Green Prophet has railed against projects like Dubai Burj Tower. They have pounded our chests at the audacity of Masdar City’s “zero” footprint claim, and have decried the potential consequences of unsustainable approaches to building and planning. “USD22 billion” for a building project and “sustainable” simply don’t belong in the same sentence.
Egyptian architect Hassan Fathy died in 1989 but left behind a legacy of 160 building projects ranging from small projects to large-scale communities complete with mosques and schools. His impact can still be felt from Egypt to Greece and even New Mexico, where in 1981 he designed the Dar Ar-Salam community. Fathy received several awards for his work, including the Aga Khan Award for Architecture in 1980, and founded The International Institute for Appropriate Technology in 1977.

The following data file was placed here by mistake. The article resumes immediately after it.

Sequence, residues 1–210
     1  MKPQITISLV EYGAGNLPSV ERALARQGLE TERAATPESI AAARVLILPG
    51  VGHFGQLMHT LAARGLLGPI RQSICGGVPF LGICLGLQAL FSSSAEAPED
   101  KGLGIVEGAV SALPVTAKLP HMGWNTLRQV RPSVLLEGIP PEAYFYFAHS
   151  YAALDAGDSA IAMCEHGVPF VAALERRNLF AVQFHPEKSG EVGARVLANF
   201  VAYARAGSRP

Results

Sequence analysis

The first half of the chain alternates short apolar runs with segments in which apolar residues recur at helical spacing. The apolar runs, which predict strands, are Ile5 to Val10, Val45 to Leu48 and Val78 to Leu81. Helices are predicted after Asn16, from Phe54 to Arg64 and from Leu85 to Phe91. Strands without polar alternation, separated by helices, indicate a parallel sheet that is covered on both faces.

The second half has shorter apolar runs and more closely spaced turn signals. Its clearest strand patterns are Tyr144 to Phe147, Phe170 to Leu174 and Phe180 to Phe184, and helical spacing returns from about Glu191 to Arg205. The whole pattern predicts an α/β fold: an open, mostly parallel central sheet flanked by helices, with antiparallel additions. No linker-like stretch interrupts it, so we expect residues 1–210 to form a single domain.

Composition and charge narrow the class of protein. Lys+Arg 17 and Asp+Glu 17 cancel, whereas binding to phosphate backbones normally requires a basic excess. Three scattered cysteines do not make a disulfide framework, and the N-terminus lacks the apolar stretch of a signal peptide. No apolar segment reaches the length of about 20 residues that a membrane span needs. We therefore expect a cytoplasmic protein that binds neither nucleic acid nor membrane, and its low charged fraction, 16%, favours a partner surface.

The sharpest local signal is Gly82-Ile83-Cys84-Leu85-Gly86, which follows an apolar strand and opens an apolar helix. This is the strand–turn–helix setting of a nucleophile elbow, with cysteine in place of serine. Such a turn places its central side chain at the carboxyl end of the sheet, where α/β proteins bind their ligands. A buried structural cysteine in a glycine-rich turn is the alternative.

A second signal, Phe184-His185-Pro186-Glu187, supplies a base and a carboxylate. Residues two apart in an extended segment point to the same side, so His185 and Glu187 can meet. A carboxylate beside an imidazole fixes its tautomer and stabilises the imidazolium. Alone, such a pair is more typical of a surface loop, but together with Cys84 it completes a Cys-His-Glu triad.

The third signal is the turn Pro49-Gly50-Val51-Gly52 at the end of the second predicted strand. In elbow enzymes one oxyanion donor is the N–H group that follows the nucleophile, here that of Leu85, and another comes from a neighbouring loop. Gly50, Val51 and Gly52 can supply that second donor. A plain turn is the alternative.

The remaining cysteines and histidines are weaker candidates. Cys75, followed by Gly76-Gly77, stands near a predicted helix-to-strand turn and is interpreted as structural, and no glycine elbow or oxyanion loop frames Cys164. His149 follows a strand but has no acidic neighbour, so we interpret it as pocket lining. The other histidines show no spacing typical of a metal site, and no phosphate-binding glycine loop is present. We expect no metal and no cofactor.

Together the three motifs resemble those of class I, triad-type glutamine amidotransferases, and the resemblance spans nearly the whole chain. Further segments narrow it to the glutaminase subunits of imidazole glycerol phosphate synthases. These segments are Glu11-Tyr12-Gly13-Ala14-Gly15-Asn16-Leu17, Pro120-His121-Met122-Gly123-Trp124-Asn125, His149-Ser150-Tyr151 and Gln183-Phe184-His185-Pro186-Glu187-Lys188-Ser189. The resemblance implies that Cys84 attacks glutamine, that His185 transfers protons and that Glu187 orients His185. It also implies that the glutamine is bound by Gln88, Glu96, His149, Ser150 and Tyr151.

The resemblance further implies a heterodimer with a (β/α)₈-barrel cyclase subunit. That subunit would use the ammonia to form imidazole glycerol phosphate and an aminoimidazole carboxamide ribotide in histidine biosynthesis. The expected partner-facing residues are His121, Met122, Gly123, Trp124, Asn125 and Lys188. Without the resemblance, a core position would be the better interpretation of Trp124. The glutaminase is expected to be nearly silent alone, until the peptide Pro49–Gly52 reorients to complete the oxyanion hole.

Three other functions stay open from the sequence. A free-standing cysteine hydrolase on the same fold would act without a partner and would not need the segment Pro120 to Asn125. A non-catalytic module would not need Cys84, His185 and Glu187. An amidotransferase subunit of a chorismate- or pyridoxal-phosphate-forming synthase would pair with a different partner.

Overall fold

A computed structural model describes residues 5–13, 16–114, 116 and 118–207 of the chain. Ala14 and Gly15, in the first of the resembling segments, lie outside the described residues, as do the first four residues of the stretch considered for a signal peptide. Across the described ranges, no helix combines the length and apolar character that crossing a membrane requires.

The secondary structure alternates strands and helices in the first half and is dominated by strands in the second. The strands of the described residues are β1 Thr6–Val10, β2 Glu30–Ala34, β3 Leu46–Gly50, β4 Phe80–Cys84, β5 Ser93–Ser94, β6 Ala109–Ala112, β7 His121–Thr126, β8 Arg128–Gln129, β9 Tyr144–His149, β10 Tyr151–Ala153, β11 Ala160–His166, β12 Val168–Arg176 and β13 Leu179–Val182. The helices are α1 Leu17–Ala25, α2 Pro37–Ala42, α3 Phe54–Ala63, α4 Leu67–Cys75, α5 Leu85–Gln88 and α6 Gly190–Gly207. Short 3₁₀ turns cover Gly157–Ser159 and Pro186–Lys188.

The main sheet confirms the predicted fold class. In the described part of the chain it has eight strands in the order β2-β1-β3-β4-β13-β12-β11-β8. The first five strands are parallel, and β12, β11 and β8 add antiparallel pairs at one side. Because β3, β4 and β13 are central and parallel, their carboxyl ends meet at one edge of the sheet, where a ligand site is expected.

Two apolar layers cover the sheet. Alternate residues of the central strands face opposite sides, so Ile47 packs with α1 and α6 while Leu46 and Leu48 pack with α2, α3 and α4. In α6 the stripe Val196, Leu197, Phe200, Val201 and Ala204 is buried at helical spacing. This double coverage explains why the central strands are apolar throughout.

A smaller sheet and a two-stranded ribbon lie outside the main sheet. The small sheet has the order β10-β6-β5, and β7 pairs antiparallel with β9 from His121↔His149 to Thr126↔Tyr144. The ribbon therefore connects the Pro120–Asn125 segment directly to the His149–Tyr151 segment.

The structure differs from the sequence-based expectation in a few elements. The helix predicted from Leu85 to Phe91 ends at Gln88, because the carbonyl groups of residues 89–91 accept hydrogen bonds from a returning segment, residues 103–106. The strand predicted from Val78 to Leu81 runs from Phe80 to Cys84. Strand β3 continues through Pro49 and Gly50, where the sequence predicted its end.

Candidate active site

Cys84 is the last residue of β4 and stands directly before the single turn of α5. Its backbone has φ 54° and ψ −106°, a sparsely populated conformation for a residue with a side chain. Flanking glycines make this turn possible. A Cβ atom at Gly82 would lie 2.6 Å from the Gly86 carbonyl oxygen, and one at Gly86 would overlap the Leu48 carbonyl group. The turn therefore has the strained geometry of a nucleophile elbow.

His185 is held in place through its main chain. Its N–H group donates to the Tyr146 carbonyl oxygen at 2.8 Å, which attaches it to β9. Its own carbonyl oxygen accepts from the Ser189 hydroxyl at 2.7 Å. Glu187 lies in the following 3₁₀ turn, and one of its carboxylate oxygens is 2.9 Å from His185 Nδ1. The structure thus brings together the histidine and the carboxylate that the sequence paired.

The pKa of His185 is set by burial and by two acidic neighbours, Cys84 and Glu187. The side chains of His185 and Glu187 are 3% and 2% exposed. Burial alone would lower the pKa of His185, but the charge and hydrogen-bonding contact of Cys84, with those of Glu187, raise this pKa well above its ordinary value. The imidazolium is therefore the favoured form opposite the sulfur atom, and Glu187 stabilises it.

The winner of the 2010 Metropolis Next Generation Design Competition proposes a radical alternative to the common brick: don’t bake the brick; grow it. In a lab at the American University of Sharjah, in the United Arab Emirates, Ginger Krieg Dosier, an assistant architecture professor, sprouts building blocks from sand, common bacteria, calcium chloride, and urea (yes, the stuff in your pee). The process, known as microbial-induced calcite precipitation, or MICP, uses the microbes on sand to bind the grains together like glue with a chain of chemical reactions. The resulting mass resembles sandstone but, depending on how it’s made, can reproduce the strength of fired-clay brick or even marble. If Dosier’s biomanufactured masonry replaced each new brick on the planet, it would reduce carbon-dioxide emissions by at least 800 million tons a year. “We’re running out of all of our energy sources,” she said in March in a phone interview from the United Arab Emirates. “Four hundred trees are burned to make 25,000 bricks. It’s a consumption issue, and honestly, it’s starting to scare me.” Read more…